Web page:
According to our annual ‘What Works Where’ survey of senior B2B digital marketers in the UK, our marketing colleagues are having to do more than ever before. They have more audiences to target, more geographies to reach out to, more channels than ever before. The list continues. So that begs the question – with all of this considered, is now a good time to be a B2B marketer?
First, let’s set the scene. One of the survey’s key findings shows that 73% – almost three quarters of those surveyed – feel that marketing has become more challenging and almost the same amount (70%) claim that their priorities have changed over the past 3 years. Some would argue that channel proliferation is largely to blame for this.
“Our attention has been getting thinner and thinner for years now in trying to ensure all touchpoints are catered for, but now that our touchpoints have touchpoints (social media, anyone?), how can we focus attention on everything at once?”
How can we be sure what channel mix is the most effective in achieving our goals? Where does our remit end as a marketer? That last point is an interesting one – it used to be that ‘marketing’ was the sole role of the marketer. Nowadays our attention is required elsewhere – from recruitment campaigns to customer service marketing and much more. 58% of our respondent agree, claiming that they have been expected to achieve objectives outside the traditional province of marketing and on top of that many marketers are focusing their efforts on new territories as our digital world continues to shrink.
So marketing is harder than it used to be? Yes, but perhaps the truth is that marketers are trying to do too much. As a result they are spreading their budgets more thinly and aiming to achieve all objectives equally rather than focusing on a few. But is this loss of focus the fault of the marketer, or the fault of the organisation that hands over the additional remit without the additional budgets, training or resource?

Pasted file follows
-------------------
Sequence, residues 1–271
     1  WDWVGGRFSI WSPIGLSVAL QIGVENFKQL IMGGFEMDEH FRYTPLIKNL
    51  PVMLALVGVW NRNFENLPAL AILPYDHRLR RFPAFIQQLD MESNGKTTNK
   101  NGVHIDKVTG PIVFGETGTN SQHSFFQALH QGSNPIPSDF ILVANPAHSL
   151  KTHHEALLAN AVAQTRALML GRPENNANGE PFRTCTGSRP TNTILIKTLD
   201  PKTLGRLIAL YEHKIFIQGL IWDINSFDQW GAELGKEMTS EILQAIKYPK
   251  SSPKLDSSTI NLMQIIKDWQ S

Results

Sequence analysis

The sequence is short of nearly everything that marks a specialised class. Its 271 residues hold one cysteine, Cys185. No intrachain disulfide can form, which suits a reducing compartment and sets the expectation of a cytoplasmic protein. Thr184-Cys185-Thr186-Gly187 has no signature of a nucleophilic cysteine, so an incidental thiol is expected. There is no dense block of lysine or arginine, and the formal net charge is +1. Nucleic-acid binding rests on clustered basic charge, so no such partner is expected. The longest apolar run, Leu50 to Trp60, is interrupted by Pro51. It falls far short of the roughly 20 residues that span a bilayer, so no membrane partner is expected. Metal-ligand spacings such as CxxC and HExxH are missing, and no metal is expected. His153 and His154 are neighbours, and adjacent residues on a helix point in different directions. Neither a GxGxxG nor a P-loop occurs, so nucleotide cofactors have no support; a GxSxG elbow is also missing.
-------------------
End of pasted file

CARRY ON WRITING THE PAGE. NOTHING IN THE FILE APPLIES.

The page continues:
“So whilst we can (almost) all agree that marketing is harder than it used to be, does that mean that it’s a bad time to be a B2B marketer? Hopefully not – I’d suggest that now is a great time for marketers.”
Hopefully not – I’d suggest that now is a great time for marketers. Increasingly organisations are realising that the talents of marketing, traditionally used for attracting and retaining customers, are as important to attracting and retaining staff, or communicating with the decision makers and influencers whose view will shape the financial future of the company. Maybe marketers are being given a wider remit because they uniquely have the types of brains which can cope with the ever changing, multivariate nature of the world we now live in. It’s a unique time to be a marketer. Arguably a time with more opportunities to make a difference does not exist in recent memory. The scope of opportunity for innovation, new tools, techniques and technology make our jobs more interesting and the ‘scary’ statistics above, for me, are more inspirational than scary.